What did I expect here? The Laowa 9mm 5.6 is noticeably wider than the Voigtlander 10mm 5.6 E but pretty much the same size and weight, therefore I would have been happy if the 9mm would not be much worse than the 10mm. To my surprise the 9mm is actually quite noticeably better though.
The 10mm 5.6 really needs f/11 in the corners and even after stopping down and CA correction in post some aberrations remain.
The 9mm 5.6 on the other hand yields actually good corners at f/5.6, in fact better than the 10mm 5.6 ever gets. There is a slight midzone dip though, but it is mostly resolved at f/8.0 and will be hard to detect in actual pictures.

There are two things worth noting though: with lenses this wide mount tolerances can have a noticeable influence on the across frame performance (especially in the midframe), therefore lens A may perform great on camera B but slightly worse on camera C.
Furthermore the corners already look best at f/5.6. This is most likely due to diffraction, as the actual f-stop in the corners is slower than that in the center, therfore the corners are diffraction limited already at the maximum aperture (which is also true for comparable lenses).
But this should not take away from the fact, that I think the performance is astounding for such an extreme yet compact lens.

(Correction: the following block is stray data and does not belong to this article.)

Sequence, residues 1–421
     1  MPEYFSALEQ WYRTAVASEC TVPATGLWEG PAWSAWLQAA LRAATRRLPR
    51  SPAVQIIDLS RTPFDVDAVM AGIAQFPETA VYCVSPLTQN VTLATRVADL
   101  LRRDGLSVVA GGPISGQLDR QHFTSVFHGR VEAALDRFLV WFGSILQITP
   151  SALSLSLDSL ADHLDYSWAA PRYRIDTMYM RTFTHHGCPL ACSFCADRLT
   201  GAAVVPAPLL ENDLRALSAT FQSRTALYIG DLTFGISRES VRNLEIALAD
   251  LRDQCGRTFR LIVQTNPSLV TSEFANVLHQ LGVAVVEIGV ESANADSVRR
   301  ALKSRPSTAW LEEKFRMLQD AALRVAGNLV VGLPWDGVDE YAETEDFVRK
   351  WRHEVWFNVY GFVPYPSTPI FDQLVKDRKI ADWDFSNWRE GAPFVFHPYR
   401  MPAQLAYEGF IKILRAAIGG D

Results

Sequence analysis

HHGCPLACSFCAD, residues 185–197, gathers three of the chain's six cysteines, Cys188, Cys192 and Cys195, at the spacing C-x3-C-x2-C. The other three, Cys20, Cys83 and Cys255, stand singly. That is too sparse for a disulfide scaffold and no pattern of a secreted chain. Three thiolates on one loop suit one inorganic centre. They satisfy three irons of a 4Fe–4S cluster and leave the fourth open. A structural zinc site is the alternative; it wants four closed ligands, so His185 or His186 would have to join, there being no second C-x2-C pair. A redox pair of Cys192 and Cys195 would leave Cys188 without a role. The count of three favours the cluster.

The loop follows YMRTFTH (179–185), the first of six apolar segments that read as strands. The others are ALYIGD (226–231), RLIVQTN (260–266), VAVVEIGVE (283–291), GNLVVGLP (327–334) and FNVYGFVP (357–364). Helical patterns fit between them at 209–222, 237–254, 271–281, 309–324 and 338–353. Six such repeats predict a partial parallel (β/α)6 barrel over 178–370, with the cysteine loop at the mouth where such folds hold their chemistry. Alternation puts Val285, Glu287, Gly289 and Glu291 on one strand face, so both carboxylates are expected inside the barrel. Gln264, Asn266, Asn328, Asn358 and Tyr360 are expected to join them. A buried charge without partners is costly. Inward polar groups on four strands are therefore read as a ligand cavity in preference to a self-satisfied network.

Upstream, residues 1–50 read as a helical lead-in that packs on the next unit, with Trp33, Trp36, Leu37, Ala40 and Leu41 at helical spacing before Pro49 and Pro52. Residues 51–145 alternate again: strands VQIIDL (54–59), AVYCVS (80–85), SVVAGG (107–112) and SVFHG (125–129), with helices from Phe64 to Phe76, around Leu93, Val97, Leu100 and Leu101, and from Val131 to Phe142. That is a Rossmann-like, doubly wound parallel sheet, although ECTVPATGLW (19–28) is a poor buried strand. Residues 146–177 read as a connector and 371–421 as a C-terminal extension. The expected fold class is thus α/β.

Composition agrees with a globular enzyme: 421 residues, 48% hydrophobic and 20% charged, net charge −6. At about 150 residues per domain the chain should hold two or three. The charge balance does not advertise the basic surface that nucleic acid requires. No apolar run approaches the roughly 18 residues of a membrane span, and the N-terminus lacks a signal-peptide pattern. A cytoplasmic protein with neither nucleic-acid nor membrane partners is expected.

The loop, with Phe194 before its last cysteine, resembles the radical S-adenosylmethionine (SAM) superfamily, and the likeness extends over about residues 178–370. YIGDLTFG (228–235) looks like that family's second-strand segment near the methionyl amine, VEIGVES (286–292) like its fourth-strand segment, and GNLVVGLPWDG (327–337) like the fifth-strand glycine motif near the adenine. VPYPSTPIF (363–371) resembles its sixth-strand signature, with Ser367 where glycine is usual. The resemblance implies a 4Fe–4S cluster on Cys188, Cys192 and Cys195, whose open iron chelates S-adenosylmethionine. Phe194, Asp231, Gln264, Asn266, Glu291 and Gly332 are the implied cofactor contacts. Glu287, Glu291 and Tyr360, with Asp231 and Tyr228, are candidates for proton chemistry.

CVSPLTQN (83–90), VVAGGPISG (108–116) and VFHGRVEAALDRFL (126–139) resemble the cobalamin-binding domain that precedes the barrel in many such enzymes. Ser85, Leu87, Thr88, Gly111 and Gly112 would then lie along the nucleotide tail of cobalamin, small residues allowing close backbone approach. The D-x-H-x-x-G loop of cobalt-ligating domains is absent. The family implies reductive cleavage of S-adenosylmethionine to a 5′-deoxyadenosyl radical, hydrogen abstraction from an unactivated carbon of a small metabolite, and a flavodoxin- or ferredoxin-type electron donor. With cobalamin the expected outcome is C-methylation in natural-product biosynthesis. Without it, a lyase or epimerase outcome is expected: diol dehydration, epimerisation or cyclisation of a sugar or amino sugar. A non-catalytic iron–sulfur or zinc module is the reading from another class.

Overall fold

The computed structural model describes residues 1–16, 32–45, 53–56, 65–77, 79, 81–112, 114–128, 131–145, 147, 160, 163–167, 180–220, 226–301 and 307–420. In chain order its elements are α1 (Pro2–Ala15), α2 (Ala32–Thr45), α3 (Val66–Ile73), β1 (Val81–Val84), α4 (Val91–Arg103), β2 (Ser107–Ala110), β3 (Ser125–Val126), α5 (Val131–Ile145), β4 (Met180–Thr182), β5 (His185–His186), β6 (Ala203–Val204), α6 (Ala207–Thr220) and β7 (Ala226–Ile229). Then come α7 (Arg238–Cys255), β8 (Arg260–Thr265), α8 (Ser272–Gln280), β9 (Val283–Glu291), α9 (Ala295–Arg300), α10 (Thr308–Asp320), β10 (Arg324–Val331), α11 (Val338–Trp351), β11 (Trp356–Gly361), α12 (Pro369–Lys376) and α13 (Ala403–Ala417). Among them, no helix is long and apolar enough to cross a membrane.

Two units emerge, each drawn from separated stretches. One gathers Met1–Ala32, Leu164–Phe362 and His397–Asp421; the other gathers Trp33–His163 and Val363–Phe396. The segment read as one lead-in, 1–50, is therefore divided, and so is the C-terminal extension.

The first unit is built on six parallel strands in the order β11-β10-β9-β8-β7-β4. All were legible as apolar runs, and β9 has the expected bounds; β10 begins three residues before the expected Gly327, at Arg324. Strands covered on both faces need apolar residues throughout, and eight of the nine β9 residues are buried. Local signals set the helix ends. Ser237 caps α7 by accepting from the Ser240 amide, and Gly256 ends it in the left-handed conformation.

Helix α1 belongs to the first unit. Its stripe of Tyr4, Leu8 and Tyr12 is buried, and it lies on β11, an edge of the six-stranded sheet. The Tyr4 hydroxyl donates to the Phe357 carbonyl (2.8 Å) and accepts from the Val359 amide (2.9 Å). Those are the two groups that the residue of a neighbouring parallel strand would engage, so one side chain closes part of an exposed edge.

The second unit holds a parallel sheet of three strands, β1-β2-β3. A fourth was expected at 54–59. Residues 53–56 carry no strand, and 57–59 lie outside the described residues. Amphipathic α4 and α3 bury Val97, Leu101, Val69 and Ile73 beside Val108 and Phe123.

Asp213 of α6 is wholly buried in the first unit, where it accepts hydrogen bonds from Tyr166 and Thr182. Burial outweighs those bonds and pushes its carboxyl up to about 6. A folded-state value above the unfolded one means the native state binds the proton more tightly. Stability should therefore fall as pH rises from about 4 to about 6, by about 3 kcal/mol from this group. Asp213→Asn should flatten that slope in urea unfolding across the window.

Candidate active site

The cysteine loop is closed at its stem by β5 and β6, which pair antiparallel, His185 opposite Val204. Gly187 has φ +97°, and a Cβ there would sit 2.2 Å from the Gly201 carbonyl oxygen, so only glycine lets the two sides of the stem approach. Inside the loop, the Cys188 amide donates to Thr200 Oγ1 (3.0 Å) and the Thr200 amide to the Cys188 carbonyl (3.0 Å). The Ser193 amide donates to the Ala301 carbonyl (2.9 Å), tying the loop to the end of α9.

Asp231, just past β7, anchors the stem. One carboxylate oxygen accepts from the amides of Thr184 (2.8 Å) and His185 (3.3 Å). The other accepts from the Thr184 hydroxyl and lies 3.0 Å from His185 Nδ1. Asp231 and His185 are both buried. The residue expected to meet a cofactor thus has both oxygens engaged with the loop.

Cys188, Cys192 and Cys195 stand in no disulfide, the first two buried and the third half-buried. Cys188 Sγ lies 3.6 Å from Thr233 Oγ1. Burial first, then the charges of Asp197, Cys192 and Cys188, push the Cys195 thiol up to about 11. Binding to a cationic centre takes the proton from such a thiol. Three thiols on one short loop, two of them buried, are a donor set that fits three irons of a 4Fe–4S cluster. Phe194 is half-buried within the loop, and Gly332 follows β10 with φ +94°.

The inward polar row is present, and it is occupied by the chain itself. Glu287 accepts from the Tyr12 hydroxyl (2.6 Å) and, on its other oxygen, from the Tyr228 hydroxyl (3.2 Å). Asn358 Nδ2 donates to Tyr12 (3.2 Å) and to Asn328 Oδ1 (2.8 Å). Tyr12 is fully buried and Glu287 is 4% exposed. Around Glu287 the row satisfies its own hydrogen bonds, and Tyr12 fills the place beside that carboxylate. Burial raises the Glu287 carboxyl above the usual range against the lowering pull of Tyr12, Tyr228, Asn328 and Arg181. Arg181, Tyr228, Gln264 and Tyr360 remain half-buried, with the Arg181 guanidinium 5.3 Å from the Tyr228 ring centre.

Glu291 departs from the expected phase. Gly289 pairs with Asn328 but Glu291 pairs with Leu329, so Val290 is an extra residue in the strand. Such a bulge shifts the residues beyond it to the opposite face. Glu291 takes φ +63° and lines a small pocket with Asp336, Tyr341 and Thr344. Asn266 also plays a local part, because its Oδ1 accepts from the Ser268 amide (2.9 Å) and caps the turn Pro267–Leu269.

You can see the Voigtlander 10mm 5.6 E in a direct comparison here.

infinity (42mp Sony A7rII, M-mount version)

laowa 9mm 5.6 ultra wide w-dreamer uwa hyper wide heliar 10mm distortion zero-d

Some people are using different camera systems and many of those prefer M-mount lenses as they can be adapted to a plethora of other mounts, which is not true for E-mount lenses (they can be adapted to Nikon Z though).
So the question is always: what are you giving up when using the M-mount version with adapter instead of the E-mount version?
In the case of this 9mm 5.6: nothing, really. The M-mount version shows a performance on an E-mount camera that is indistinguishable from the E-mount version within the margin of sample variation.

infinity (24mp Leica M10)

laowa 9mm 5.6 ultra wide w-dreamer uwa hyper wide heliar 10mm distortion zero-d

Performance on the Leica M10 is surprisingly similar including the slight midzone dip and also the corners show a very similar performance.

close (0.12m, 1:4.8)

100% crops from center, A7rII